“When I was young, I was rarely allowed to buy stories from my mother, when I was in middle school, I was completely banned, so I only rented them to read. At that time, I just wished I had enough money in the future to buy books, buy stories comfortably without worrying about the price. Fortunately, I have now achieved this goal, “said the 30-year-old female doctor.

The sets Mai chooses to buy are all reminiscent of her childhood like Sailormoon, Detective Conan, Dragon Ball (Dragon Ball), Yugi Oh (King of Games), Imprint of Roto (Dragon imprint). In addition, she bought according to her preferences, “following whichever suits the drawing and plot”. Since 2015, Mai has bought more than 3,000 story books.

Next, the manga market is very diverse, not just for children. According to Hoang Viet, there are many works that refer to adult careers and dreams, such as Astronaut brothers talking about a couple with a dream of going to space, and the set Gokusen Describes the life of a teacher in a school full of special students.

“The world in comics is very large. Each age has appropriate series, so the notion that ‘only children can read comics’ is incorrect,” Mai said.

Adults who are “addicted” to comics agree that there are stories that are too deep for children to fully understand and there are stories that at different ages, readers can think of a different aspect and value. . Until the age of 17, Hoang Viet only read manga to relax, but when he became an adult, he saw that they had “a legacy of life lessons”. “Example in Doraemon, Nobita every time he takes advantage of the feature of the treasure, encounters ‘retribution’. Or in any chapter where the character Jaian bullies his friends, there is no good outcome at the end,” Viet said.

The Covid-19 pandemic has also spurred many adults to collect manga. In a series of stressful days due to social distancing, they find their old hobbies and remember that they used to like manga.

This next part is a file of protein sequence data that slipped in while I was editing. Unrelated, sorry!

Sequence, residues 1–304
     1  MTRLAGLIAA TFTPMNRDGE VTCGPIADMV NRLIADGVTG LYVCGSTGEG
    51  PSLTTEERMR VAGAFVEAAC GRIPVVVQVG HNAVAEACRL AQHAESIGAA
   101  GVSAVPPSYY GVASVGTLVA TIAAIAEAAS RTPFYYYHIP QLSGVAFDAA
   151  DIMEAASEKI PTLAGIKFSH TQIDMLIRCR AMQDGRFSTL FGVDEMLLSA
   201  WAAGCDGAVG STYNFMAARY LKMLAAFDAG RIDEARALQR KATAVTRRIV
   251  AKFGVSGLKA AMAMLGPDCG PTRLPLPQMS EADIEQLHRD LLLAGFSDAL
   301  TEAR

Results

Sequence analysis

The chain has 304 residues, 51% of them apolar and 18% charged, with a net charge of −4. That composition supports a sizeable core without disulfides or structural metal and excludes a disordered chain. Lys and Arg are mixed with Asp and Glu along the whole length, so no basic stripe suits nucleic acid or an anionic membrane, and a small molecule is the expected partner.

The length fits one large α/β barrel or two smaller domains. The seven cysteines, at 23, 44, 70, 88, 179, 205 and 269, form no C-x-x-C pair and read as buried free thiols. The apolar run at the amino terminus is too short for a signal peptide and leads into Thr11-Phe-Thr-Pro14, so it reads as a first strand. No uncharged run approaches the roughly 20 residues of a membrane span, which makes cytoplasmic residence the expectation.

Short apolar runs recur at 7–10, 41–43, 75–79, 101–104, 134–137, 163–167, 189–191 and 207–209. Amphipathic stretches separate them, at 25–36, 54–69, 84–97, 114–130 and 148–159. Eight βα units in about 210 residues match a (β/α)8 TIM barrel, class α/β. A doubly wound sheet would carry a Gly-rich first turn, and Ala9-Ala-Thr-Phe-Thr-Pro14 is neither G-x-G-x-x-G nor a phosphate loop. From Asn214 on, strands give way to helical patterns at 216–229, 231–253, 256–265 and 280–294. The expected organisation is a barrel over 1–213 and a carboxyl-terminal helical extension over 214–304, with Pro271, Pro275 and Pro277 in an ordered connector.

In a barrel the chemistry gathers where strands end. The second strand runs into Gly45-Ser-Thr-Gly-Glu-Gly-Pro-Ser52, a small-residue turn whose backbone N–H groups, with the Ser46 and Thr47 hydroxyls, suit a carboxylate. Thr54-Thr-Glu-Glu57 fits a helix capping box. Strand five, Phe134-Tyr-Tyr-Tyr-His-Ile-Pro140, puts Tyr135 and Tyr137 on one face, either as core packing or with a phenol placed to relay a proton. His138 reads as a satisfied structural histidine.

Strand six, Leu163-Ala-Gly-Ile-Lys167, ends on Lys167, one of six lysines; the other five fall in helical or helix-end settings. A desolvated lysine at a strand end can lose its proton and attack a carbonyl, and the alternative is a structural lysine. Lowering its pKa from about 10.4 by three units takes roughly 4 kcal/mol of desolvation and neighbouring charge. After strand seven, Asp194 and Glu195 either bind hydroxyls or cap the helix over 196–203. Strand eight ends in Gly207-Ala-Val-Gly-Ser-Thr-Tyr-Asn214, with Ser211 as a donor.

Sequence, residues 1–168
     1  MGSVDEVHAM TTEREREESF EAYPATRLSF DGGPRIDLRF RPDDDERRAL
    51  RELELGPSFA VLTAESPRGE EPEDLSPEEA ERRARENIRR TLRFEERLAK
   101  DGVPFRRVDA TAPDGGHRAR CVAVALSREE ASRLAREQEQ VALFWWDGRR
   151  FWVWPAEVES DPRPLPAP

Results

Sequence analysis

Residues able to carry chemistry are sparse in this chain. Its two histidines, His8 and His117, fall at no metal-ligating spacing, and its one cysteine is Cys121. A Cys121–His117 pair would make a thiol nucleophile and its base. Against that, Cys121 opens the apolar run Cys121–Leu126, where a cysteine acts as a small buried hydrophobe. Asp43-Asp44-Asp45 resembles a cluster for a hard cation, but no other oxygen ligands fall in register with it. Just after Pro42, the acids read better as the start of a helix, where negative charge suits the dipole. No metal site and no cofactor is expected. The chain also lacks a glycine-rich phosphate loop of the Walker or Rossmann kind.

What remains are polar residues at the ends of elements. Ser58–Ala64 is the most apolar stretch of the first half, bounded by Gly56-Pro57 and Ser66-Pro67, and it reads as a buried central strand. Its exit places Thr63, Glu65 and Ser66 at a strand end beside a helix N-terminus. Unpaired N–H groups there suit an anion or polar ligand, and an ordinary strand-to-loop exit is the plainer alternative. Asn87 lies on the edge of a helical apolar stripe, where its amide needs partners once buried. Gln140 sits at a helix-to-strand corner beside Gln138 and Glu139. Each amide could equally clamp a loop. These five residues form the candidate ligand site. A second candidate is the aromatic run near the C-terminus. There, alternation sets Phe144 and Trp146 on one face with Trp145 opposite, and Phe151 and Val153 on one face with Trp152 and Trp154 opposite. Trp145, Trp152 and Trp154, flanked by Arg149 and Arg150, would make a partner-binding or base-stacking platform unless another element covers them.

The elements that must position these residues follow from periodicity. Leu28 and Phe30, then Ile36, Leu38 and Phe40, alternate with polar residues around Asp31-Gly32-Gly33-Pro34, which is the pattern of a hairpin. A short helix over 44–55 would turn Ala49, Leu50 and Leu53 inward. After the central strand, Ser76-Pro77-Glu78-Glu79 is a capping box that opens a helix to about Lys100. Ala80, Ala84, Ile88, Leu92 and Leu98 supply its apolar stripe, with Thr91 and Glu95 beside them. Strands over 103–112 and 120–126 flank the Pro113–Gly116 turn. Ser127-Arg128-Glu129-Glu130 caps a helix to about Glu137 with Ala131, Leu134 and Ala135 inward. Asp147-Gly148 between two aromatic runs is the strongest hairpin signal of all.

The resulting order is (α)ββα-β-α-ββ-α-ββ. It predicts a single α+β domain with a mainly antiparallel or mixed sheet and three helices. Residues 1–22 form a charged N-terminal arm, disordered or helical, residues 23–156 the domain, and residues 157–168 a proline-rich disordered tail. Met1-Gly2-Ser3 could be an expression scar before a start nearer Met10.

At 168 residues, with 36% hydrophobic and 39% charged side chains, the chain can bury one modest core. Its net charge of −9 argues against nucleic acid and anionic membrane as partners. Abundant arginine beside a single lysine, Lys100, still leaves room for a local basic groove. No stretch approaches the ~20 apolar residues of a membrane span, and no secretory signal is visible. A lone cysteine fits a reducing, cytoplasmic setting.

“Without a story room, I would be crazy because I stay at home too much,” said My Chu, adding that in 2020, she has only been out on the street four times and still works remotely. Much of the current collection was purchased by My during the Covid-19 years.

Nguyen Thanh Tung added that compared to other collecting hobbies, comics are “easier to breathe”, except for the case of collecting limited editions from abroad like Hoang Viet. In Vietnam, a comic book costs an average of 30,000 VND, but the frequency is about every two weeks or a book a month. “Every week more than a dozen titles are not a problem for adults who have worked,” Tung commented.

Having reached adulthood, the young people’s passion for manga is no longer interfered with by their families. My Chu’s father and husband pampered her to the point of carrying 70 kg of stories to the US or building a storyboard and taking her to a bookstore. However, that does not mean that they avoid unfriendly comments from those around them. When posting photos of the story room on social networks, My Chu encountered many comments criticizing her for being wasteful, and some even accused her of doing an illegal job to have money to buy so many stories in two years. Huong Mai was teased by her colleagues “still reading comics, so now I’m still empty”.





The huge collection of comics made My Chu encounter many negative comments.  Photo: Character provided

The huge collection of comics made My Chu encounter many negative comments. Image: Characters provided

However, the reaction from outsiders did not prevent the above characters from continuing to collect comic books.

“I will not stop my passion just because of some opinions of individuals who do not respect me,” My affirmed.

Huong Mai said that she “still loves long-term manga” because this is her hobby as well as a way to relieve stress. As for Hoang Viet, the future of manga boredom may never happen.

“I also hope I buy less, but it must be difficult,” he said.

Minh Trang

You are reading the article Adults love comics
at Blogtuan.info – Source: vnexpress.net – Read the original article here

Back to top button